Located near the west exit of Shinjuku Station, entering the alleyway is almost like stepping back in time. Japanese lanterns light the tight alley as all different kinds of aromas fill the space. Each restaurant and bar could only be described as tiny, most having only about 6 seats. As you walk down the alley, you will see shopkeepers working over grills or caldrons, carefully preparing their shop’s specialty. The food here ranges from Yakitori (grilled skewers) to Nikomi (thick Japanese stew) and one particular restaurant famous for it’s odd offerings. While food is the highlight of Piss Alley, the drinks available are the perfect pairing. The small bars are the perfect place to meet other foreigners or Japanese locals for a truly Japanese experience.
We would recommend taking the evening to tour Piss Alley, as it is easy to take your time making multiple stops at different eateries. You will likely not find an English menu, but with that comes an adventurous evening, eating things you may love before ever learning what they are.
Posted on August 19th, 2017 by Mike Roberts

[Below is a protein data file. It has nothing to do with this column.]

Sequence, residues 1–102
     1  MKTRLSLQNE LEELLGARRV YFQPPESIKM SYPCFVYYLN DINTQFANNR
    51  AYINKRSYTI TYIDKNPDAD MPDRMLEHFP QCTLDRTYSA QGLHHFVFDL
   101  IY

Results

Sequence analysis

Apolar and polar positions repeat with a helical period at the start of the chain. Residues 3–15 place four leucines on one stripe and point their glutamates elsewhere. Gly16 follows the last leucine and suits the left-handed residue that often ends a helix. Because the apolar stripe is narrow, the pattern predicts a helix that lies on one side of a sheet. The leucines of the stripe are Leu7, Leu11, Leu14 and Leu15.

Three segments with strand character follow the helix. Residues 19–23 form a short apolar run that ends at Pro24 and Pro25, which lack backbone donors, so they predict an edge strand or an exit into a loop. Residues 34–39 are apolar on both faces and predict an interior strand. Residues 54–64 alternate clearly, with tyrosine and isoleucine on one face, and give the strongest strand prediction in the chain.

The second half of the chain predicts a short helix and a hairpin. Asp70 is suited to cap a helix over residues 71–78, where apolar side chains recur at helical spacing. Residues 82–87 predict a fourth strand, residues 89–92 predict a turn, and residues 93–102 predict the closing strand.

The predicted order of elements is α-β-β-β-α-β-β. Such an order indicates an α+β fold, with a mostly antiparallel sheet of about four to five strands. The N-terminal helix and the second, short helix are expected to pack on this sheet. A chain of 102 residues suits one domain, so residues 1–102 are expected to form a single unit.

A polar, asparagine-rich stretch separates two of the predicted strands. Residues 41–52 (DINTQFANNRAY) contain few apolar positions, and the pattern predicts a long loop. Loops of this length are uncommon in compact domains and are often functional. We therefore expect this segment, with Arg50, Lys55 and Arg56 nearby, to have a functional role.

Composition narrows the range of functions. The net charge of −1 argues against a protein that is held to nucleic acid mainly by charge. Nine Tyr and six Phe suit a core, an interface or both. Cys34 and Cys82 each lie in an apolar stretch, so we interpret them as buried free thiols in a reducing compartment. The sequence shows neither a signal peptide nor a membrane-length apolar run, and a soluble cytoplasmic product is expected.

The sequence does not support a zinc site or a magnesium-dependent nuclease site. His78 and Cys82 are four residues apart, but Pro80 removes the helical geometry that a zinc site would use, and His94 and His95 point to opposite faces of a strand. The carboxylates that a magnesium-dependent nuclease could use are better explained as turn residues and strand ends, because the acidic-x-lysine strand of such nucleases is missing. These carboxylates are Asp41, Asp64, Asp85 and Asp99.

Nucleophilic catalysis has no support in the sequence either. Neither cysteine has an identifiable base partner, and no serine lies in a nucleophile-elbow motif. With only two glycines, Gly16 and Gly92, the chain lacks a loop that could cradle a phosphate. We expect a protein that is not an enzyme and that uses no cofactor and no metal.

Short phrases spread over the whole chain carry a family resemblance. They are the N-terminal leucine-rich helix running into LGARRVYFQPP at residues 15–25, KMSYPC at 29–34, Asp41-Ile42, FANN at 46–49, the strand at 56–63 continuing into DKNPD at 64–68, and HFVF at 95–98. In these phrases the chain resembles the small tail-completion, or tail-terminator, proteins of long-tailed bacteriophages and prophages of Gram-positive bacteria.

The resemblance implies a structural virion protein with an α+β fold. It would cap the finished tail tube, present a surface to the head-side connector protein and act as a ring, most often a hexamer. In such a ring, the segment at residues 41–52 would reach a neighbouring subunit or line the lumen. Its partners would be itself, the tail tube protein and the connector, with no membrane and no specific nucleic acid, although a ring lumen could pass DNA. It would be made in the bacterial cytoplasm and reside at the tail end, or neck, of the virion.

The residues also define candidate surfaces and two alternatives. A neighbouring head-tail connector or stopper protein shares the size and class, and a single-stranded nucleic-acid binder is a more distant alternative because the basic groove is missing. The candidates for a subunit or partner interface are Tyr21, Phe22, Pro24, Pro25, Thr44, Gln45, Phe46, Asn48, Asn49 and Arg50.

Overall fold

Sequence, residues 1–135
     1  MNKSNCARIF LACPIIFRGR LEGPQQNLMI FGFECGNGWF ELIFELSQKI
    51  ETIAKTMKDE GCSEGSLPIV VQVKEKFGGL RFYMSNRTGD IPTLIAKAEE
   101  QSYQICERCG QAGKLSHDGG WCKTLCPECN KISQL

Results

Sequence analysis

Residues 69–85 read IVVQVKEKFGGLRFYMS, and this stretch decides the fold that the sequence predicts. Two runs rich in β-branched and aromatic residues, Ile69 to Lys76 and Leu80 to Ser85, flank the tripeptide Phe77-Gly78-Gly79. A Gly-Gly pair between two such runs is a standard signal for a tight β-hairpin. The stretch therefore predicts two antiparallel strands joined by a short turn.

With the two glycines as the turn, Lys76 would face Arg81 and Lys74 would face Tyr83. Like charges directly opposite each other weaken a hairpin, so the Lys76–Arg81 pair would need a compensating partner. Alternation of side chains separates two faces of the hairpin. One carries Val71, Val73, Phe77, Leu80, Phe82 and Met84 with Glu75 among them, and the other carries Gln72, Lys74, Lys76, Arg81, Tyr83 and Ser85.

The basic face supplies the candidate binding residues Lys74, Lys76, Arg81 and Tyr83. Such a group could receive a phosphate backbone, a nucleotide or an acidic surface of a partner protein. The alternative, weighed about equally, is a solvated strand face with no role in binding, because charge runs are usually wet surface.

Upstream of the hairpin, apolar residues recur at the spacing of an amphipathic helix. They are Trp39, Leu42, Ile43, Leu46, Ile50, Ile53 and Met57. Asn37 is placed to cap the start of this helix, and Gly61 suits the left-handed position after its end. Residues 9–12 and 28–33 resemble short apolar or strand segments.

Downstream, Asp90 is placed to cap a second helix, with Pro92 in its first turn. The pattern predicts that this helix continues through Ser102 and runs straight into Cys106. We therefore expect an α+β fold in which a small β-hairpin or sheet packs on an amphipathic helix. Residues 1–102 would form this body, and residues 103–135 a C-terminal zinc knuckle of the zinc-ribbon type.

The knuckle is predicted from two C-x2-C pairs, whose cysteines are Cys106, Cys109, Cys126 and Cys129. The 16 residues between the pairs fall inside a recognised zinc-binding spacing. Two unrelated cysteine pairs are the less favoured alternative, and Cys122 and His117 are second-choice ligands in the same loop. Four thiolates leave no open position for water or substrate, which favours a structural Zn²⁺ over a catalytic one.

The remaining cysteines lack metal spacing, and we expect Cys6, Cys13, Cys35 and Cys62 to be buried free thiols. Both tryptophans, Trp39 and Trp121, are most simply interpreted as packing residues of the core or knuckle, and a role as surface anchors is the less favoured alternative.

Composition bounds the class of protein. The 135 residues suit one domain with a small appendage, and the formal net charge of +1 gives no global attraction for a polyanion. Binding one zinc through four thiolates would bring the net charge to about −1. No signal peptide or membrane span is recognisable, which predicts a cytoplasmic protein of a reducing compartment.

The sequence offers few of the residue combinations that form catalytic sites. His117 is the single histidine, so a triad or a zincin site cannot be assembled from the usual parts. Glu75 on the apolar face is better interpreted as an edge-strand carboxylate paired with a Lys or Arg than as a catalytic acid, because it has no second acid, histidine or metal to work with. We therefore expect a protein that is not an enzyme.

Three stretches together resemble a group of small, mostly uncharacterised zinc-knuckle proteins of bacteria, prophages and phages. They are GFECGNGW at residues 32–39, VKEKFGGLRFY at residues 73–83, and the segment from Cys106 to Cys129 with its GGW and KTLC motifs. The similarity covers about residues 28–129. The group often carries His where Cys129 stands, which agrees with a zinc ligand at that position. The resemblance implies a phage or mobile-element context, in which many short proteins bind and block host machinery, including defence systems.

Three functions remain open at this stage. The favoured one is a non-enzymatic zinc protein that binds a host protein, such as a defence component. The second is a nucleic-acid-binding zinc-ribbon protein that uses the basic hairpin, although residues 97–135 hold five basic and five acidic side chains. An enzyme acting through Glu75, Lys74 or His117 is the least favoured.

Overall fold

Nyuto Onsen is a collection of seven popular and remote hot spring inns, located in the Towada Hachimatai National Park in north-central Tohoku. The name Nyuto Onsen means “nipple hot spring” and comes from the suggestive shape of nearby Mount Nyuto. With a history of over 300 years, many of the springs were visited by feudal lords during the Edo Period seeking hot-spring cures. Located deep in the mountains, and surrounded by dense beech forests, you feel far removed from the rest of the world.
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Posted on June 23rd, 2017 by Mike Roberts
If you have done any research on Japanese cooking, you will have heard the term “umami”. All Japanese cookbooks, cooking shows, etc. will talk about “umami”. It is said this it is what gives Japanese food its unique flavor. The term is a shortened version of “umai” (delicious in Japanese) and “mi” (taste in Japanese). Increased “umami” is the primary goal of all Japanese chefs.
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Posted on May 11th, 2014 by Takako "Tammy" Ota
Akihabara Maid Cafe Ad